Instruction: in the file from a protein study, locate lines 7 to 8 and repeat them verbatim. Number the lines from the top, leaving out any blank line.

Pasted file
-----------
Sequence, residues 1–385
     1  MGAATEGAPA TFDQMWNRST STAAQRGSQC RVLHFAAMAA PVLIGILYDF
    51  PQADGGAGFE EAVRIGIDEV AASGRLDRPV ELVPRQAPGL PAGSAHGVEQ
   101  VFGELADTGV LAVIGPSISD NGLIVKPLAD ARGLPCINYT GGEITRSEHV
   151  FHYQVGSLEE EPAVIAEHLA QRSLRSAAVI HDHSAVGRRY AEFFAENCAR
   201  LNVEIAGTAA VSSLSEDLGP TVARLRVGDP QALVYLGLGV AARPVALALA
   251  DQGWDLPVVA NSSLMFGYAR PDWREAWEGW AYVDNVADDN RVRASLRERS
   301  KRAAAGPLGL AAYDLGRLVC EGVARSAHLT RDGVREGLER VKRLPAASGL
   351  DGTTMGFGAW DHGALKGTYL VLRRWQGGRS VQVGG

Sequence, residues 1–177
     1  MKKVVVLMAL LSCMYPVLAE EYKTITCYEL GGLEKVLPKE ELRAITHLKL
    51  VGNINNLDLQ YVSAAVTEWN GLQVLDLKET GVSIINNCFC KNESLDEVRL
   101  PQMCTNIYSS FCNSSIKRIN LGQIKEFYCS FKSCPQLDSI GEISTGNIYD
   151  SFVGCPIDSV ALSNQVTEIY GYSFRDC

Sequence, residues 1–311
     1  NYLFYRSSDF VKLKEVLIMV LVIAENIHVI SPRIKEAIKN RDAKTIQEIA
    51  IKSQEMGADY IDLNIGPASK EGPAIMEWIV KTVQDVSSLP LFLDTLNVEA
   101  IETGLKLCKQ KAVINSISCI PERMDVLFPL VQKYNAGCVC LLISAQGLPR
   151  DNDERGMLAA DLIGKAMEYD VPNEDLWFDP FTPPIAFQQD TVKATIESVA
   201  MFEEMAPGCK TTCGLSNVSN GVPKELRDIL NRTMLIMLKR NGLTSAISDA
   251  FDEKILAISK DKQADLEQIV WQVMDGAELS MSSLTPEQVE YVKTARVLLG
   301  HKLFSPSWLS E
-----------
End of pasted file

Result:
   251  DQGWDLPVVA NSSLMFGYAR PDWREAWEGW AYVDNVADDN RVRASLRERS
   301  KRAAAGPLGL AAYDLGRLVC EGVARSAHLT RDGVREGLER VKRLPAASGL